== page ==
Compensation conundrum

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Dealers debate salary vs. commission for RSAs

January 16/23, 2017: Volume 31, Number 16

By Ken Ryan

Flooring is an unusual retail species. Unlike mass merchants or other high-traffic venues, the typical flooring store may only see five or 10 customers in a day. Further research shows that for nearly 25% of dealers, between one and five people will buy flooring from them in a given week—which translates to less than one transaction per day on average.

The way flooring dealers compensate their RSAs is often different as well. Many successful dealers employ a commission-only structure, a model that seems to work for the largest dealers that have the traffic and transactions to satisfy their staff. Other retailers choose a straight hourly salary. Then there are those that combine salary plus commission, with higher amounts depending on the gross profit of the sale.

Deb DeGraaf, co-owner of DeGraaf Interiors, Grand Rapids, Mich., avoids a one-size-fits-all salary approach when it comes to compensating her salespeople. Rather, she takes a more customized approach, which allows her to work with the individuals and determine what suits them best. “Overall the majority of our sales staff operates on a commission basis. For those who appreciate the predictability of a salary we offer that as well; in those cases we monitor the amount of commission they would have earned. It is our goal to have a system whereby a salesperson can sell under the compensation plan that allows her to do so without worry or trepidation.”

Steve Weisberg, owner of Crest Flooring in Allentown, Pa., uses what he calls a “bucket system.” In his store, the majority of his staff works on salary plus model, which means they receive a weekly salary for which they have to write a certain percentage of business. “Once they write that specific amount in the month, any more sales beyond that earn them commission,” he explained, noting the commission is a floating scale. “Fill up the bucket and you’ve earned your salary. When the bucket is filled up, the fallout earns at different levels—2%, 4% and 6%. Once an RSA earns his salary he should be able to make more at no additional cost to the business.”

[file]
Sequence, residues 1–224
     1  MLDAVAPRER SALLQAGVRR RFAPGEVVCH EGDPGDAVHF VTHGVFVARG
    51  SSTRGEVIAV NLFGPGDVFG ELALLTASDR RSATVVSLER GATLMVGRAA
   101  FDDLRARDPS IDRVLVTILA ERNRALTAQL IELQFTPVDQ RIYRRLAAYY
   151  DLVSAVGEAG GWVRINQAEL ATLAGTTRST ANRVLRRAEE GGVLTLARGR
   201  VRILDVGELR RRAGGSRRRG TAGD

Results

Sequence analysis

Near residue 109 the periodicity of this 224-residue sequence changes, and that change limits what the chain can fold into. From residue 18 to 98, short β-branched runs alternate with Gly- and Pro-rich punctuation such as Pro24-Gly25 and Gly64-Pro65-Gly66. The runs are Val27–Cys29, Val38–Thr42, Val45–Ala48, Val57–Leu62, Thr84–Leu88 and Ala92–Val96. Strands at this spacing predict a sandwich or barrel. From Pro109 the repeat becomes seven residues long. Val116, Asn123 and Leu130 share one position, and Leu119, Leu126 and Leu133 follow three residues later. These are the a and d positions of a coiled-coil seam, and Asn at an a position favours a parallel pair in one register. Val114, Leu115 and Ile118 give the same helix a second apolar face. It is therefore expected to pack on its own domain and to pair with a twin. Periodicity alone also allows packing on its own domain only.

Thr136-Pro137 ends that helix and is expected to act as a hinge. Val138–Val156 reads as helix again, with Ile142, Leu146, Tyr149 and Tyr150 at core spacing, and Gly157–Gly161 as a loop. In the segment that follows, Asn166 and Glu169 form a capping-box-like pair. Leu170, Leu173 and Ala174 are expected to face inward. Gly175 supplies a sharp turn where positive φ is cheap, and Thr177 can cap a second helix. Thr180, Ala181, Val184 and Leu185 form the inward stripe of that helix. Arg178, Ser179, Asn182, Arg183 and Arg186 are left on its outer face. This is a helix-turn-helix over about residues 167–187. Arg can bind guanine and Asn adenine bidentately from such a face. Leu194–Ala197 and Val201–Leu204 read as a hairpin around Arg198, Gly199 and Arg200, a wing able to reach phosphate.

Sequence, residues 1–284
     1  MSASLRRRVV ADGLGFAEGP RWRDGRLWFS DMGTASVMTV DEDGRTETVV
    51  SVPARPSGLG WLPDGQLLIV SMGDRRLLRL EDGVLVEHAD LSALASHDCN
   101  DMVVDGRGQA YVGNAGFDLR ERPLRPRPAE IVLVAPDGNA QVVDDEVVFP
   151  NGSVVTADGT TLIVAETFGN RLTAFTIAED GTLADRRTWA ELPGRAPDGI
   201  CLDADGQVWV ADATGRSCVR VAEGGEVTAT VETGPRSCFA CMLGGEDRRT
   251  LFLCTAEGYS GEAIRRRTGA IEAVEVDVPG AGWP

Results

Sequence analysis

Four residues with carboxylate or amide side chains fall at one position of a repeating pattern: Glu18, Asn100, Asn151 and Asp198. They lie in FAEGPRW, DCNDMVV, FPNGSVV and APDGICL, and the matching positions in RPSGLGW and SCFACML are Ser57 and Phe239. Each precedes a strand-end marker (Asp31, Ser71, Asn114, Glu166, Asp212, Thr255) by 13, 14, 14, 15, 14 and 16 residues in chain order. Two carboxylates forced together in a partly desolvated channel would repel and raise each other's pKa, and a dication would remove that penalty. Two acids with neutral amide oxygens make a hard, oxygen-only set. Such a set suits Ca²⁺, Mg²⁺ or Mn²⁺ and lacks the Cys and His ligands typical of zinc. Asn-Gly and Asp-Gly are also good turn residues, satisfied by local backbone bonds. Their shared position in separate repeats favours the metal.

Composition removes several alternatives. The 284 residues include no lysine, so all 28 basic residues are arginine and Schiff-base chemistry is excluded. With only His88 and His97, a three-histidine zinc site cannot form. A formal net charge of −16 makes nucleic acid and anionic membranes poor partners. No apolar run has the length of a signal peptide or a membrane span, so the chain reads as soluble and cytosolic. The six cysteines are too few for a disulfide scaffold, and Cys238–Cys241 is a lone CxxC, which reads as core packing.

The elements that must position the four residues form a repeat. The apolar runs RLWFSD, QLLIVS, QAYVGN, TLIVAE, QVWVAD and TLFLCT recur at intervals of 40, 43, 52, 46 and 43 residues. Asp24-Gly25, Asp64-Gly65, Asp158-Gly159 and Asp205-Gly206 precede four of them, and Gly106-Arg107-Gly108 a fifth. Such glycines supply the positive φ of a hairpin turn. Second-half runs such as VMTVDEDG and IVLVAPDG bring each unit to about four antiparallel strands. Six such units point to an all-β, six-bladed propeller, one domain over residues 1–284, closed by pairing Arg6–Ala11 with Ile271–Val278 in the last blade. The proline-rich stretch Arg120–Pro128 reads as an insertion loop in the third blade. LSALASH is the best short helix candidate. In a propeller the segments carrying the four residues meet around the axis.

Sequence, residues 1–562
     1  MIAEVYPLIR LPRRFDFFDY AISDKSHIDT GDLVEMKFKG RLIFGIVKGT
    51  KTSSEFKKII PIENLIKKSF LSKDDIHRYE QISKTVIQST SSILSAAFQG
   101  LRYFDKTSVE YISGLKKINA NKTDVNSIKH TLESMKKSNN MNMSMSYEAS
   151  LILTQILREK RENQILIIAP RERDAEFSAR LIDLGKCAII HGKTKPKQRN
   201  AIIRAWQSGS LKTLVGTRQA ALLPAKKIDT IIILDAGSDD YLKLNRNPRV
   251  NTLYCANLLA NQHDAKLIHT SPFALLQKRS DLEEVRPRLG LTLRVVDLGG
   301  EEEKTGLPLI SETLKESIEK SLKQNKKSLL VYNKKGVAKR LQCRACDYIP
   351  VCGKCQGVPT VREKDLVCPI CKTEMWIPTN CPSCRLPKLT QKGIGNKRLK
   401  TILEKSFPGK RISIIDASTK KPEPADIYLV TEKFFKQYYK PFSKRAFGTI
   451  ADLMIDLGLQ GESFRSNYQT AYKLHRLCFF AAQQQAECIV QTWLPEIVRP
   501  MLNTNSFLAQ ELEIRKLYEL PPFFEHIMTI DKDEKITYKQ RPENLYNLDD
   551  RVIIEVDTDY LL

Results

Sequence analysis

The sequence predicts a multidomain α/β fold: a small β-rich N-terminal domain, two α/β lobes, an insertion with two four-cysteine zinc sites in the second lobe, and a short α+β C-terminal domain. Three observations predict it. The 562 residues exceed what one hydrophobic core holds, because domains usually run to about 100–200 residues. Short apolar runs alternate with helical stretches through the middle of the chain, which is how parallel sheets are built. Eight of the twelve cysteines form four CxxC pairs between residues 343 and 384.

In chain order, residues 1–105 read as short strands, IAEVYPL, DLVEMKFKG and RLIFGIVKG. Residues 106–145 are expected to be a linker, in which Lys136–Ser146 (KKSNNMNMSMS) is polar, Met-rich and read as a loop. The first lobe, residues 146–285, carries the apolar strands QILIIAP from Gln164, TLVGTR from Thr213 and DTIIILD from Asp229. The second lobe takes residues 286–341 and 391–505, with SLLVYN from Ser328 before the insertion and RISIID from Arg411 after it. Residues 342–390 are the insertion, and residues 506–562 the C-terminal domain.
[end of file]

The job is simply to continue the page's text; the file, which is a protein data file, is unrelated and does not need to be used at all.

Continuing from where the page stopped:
Bobby Meredith, who runs Flooring America OKC in Oklahoma City, provides a base salary that helps promote comfort and financial security for sales associates. “In addition to the salary, we pay a commission per sale that is calculated as a percentage of the sale based upon the gross profit,” he explained. “The commission reminds the sales associate of the value of each and every customer who walks through the door.”

Some flooring dealers refrain from a commission-only approach because they do not want their RSAs to become overzealous in their approach. However, some of the most successful flooring retailers in the industry are all-in for a commission structure. Avalon Flooring, with 14 locations in New Jersey, Pennsylvania and Delaware, is one of the largest such dealers. “We believe a commissioned sales force will produce a far better result for both the company and the salesperson,” said Brian Witkin, executive vice president of sales. “This gives the salesperson more opportunity to increase his or her earnings, and if the company is making more money I want my salespeople to make more money. Also, paying on gross profit rather than the total sale of the job will have a greater bottom line impact for everyone.”

The challenge Avalon and other dealers are starting to face is the younger generation wants more security and are somewhat afraid of a commissioned-based job, according to Witkin. In addition, some dealers believe many young salespeople do not like the pressure of their performance being responsible for their income. As such, a salary can give them the security they desire.

For retailers like Carlton Billingsley, owner of Floors and More, Benton, Ark., their job is to persuade millennials that a commissioned structure will pay dividends in the end. “We believe in earning what you work for, and your compensation is a reflection of your book of business by reaching goals/benchmarks through a commissioned sale,” he said. “Our commissioned [salespeople] will be focused on getting the sale, keeping the sale and expect referrals/additional business from their relationships built from the first transaction with a client. Our commissioned sales professionals write more business to grow their individual wealth and expect our business to grow so that we can grow together.”

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